As known to those of ordinary skill in the art, the lower electrode 22 may be biased on during processing of the integrated circuit device and, in the absence of a bias current voltage after processing, will remain biased off after processing so that the existence of a conductive link in the protection cell antifuse processing so that the existence of a conductive link in the protection cell antifuse material layer will not affect operation of the standard antifuse cells 12.
As shown in FIG. 3, an upper metal interconnect layer 29 together with appropriate barrier material layers where necessary may be deposited over antifuse material layer 26 as known to those of ordinary skill in the art.
Turning now to FIG. 4, according to a second preferred embodiment of the present invention, a deep valley topology 30 is created under the bottom electrode 32 of protection cell 34 for the protection of standard antifuses 36, 38. By creating a deep valley as shown, the thickness "a" of the interlayer dielectric layer 40 in the vicinity of the protection cell 34 is thicker than the thickness "b" of the interlayer dielectric layer in the vicinity of standard antifuse cells 36, 38. As a result, given that, as before, the size of the cell opening 42 of the protection cell 34 is the same as the size of the cell opening 44 of the standard antifuse 36, the thickness of the antifuse material layer 46 in cell opening 42 of protection cell 34 will be less than the thickness of that layer in cell opening 44 of standard antifuse 36. As a result, protection cell 34 will rupture in the presence of lower voltages than will antifuse cell 36 and it will provide higher leakage currents due to its thinner antifuse material layer.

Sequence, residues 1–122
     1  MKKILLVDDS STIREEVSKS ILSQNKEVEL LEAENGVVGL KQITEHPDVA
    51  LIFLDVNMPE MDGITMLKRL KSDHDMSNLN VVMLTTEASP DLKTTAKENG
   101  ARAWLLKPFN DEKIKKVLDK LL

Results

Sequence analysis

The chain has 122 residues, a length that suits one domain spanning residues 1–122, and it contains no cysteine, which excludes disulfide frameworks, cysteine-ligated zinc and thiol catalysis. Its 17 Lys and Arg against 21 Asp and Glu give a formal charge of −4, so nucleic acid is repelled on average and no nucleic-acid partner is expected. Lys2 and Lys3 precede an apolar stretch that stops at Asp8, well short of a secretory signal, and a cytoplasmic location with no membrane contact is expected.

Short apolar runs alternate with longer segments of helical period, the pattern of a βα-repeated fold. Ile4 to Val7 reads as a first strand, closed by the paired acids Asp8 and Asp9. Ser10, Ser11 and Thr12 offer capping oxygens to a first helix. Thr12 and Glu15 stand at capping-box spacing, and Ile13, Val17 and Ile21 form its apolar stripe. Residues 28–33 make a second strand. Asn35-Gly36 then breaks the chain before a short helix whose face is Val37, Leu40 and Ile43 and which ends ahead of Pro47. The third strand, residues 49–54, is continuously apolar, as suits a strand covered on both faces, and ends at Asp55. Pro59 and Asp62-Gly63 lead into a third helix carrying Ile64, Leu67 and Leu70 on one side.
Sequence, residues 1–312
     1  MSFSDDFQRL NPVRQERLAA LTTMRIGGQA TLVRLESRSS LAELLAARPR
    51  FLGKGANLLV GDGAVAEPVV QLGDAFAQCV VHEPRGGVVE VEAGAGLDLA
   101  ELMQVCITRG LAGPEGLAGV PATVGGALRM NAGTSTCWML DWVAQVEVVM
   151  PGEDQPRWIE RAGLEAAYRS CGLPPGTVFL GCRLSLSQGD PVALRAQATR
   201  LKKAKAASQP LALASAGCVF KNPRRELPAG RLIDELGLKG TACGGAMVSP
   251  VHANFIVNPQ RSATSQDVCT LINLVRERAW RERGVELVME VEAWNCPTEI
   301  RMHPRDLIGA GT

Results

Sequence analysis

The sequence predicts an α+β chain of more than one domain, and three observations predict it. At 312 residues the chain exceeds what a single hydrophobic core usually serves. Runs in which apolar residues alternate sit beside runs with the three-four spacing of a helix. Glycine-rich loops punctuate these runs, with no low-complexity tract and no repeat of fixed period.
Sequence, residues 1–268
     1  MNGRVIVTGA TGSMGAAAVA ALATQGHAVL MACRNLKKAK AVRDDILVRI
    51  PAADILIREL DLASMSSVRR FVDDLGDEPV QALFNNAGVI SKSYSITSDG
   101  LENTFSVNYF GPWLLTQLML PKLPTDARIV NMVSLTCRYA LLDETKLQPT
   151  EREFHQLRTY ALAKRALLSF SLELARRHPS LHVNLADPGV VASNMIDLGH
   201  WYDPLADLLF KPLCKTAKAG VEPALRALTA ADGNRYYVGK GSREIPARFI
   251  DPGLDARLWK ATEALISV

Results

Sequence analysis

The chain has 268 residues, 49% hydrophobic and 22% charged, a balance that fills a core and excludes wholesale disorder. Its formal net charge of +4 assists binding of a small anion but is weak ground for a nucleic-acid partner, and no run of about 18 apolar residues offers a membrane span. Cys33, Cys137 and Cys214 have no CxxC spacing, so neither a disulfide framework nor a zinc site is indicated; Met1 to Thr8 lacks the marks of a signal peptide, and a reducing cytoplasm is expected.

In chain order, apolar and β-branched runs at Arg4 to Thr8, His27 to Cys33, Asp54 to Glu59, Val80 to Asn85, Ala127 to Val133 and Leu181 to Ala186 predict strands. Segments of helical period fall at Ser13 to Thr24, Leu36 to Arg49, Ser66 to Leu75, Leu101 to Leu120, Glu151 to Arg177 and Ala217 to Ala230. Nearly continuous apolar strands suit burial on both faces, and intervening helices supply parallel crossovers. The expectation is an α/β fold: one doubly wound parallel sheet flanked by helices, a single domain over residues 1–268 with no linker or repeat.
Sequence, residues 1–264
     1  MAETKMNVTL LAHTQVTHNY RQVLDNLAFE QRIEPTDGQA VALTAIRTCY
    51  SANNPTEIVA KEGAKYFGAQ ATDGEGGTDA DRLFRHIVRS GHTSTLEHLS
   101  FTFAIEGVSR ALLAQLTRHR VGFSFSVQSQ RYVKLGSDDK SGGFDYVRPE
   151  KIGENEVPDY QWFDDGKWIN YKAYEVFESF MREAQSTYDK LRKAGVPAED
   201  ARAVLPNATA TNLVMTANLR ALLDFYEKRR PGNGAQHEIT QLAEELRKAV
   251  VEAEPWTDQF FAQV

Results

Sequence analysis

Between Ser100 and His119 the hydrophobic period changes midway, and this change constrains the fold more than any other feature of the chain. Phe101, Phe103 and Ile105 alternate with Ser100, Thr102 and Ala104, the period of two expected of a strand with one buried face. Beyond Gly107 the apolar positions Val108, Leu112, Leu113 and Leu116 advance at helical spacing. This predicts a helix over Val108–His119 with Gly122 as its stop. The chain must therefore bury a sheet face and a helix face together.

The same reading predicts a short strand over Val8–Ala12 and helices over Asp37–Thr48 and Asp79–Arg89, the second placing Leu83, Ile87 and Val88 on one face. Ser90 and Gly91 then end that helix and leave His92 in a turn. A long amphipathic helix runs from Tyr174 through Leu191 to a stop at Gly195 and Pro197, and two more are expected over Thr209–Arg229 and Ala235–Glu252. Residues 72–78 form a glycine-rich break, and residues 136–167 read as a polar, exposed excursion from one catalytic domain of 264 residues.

FIG. 5 depicts yet another embodiment of the present invention very similar to the embodiment shown in FIG. 4. In the FIG. 5 embodiment, however, the deep valley topology is replaced with a cell opening or contact opening 48 in a first interlayer dielectric layer 62, however, the effects are the same as stated in regard to FIG. 4, i.e., the effective depth of the cell opening 50 through second interlayer dielectric layer 64 being greater than the effective depth of the standard antifuse cell opening 52 causes antifuse material layer 54 to be thinner in the region of protection cell 56 than it is in the region of standard antifuse cells 58, 60.
While illustrative embodiments and applications of this invention have many more modifications than have been mentioned above are possible without departing from the inventive concepts set forth herein. The invention, therefore, is not to be limited except in the spirit of the appended claims.
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|U.S. Classification||438/600, 257/355, 257/530, 257/E23.147, 257/50|
|International Classification||H01L23/525, H01L23/60|
|Cooperative Classification||H01L23/60, H01L2924/3011, H01L2924/0002, H01L23/5252|
|European Classification||H01L23/525A, H01L23/60|
|Aug 26, 1997||CC||Certificate of correction|
|Nov 10, 2000||FPAY||Fee payment|
Year of fee payment: 4
|Dec 1, 2004||REMI||Maintenance fee reminder mailed|
|May 13, 2005||LAPS||Lapse for failure to pay maintenance fees|
|Jul 12, 2005||FP||Expired due to failure to pay maintenance fee|
Effective date: 20050513